Carson High offensive line has created open space for Carter
November 7, 2017
Carson High's second bye week of the season couldn't have come at a better time.
The Senators were mired in a three-game losing streak, and they desperately needed to re-group heading into the regular-season finale against the rival Douglas Tigers.
The two weeks of practice paid huge dividends. The Senators, thanks in big part to the offensive line that opened up enough holes for Abel Carter to gain 421 yards and score five times, pounded the Tigers, 59-28, to earn a first-round playoff game at Reno Thursday night (7 p.m.).
Despite constant changes to the offensive line, the Senators are still averaging a respectable 267 yards rushing per game, which is respectable when you consider the passing game has been lacking.
The current group of center Brandon Macias, tight end Vinny Hershman, guards Carl Cavner and Jonathan Acosta plus tackles Dallin Shaffer and Nikolaus Desormier have done a solid job despite a plethora of injuries and personnel changes.
"The bye week was really beneficial," said Vic Castro, Carson's line coach. "We're on our ninth different line-up of the year. We are starting to get dialed in. The Thursday of the bye week, the kids stayed an hour extra to work on individual things and to work together as a group.
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"Brandon and Dallin felt bad about losing to Douglas last year. They felt they didn't play well in the red zone. I think the offensive line felt they owed Abel a big game, and they did that."
It was all about execution, according to Shaffer and Macias.
"We worked in practice during the bye week on their blitzes," Macias said. "We were able to pick them up, and when they didn't come, we were still able to pick them (defenders) up and we were able to run our scoop zone; inside zone game and open things up for Abel."
"We worked on execution last week (during the bye week)," Schafer said after the Douglas game. "The coaches pushed us to execute."
The great thing about Carter is he doesn't need huge holes. He has great vision, and he hesitates, taps his feet, and then jets through the smallest of openings. And, once he gets to the second level, he's often gone. He has the ability to run away from linebackers and defensive backs. That makes the line's job a little easier.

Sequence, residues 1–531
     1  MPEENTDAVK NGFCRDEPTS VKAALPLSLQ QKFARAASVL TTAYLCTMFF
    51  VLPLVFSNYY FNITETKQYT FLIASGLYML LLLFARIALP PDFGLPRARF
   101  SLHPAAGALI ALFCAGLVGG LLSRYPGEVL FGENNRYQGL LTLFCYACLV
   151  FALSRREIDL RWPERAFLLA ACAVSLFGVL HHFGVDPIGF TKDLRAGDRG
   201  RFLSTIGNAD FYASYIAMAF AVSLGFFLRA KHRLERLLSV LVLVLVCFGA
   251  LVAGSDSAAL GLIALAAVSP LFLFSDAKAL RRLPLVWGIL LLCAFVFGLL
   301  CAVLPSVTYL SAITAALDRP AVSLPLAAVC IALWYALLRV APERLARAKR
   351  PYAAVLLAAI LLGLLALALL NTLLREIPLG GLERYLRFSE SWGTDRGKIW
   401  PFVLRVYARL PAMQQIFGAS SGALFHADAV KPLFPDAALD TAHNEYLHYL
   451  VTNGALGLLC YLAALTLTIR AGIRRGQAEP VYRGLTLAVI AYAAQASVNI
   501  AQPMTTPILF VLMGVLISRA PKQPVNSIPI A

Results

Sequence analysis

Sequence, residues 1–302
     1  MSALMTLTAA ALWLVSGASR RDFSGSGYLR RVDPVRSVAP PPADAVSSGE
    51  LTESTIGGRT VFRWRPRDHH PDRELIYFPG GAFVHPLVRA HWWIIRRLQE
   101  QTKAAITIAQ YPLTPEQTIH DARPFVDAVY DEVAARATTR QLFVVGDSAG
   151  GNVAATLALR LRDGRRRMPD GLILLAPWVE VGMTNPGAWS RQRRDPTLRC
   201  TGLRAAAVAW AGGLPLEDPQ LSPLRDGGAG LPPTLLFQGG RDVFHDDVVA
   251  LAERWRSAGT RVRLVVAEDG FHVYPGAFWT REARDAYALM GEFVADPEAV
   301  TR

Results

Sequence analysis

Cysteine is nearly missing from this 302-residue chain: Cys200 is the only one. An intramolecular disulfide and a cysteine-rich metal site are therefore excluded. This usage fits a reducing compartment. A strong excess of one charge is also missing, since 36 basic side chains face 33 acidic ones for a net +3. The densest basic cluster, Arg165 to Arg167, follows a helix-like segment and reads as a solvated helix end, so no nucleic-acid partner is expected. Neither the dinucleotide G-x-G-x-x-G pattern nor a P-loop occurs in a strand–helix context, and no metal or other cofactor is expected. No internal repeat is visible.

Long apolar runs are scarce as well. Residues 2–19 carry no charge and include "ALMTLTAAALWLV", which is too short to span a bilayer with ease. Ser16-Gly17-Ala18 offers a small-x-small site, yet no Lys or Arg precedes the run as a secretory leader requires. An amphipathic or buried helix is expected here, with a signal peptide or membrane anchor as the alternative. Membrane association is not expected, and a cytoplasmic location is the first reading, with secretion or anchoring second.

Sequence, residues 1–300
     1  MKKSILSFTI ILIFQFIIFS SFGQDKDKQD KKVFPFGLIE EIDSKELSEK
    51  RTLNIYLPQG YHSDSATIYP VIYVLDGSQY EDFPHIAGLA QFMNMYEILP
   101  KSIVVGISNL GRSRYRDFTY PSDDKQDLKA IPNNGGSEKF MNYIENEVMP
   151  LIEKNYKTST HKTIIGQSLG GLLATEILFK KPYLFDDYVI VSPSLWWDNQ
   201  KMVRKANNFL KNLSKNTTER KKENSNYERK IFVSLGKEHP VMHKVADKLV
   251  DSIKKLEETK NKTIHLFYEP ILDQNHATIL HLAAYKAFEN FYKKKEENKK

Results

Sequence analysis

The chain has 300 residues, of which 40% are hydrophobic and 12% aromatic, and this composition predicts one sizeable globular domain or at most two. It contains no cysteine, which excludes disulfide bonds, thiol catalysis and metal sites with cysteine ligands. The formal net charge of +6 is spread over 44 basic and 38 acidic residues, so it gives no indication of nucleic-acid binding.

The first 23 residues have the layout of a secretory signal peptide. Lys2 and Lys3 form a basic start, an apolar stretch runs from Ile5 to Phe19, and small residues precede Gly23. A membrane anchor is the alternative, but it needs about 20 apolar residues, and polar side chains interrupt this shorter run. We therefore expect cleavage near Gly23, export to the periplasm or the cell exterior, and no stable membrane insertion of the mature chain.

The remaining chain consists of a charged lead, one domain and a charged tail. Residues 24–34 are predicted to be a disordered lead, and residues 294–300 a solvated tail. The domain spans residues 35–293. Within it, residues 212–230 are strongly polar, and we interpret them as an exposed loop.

A big key according to coach Blair Roman and Castro has been the addition of Acosta, who started the season on the defensive line. He's now starting on the offensive line and filling in on the defensive side of the ball.
"He has been a great addition to the mix," Roman said. "He played offensive line last year. He started the season on the defensive line, but because of injuries we had to move him to the offensive line. He played there last year, so it took a couple of weeks to piece things together and learn the 'rules.' He is a very aggressive 1-on-1 blocker. He runs well and pulls well."
"His (Acosta's) technique is not where it needs to be yet, but he has a different level of nastiness," Castro said."Coach Roman has already told Jon that he is so good on both sides of the ball that he is going to be a two-way player."
Moving forward, the offensive line has a chance to excel next season, too.
Starters Cavner, Desormier and Acosta all return, and the offensive line is always a good place to start. Cole Ashton, Clayton Greene, Garrett Clampitt and Aiden Maldonado also return.
Ashton got some extended time earlier this year. Greene has started several games this year, but he has had nagging injuries. He came out of the Douglas game with an ankle injury on the first drive of the game.
"Cole (Ashton) has improved his technique," Castro said. "Clampitt has the technique, but he needs to get stronger. Figuring out who will be center is the biggest thing. Clampitt is about the same size as the Damonte center."
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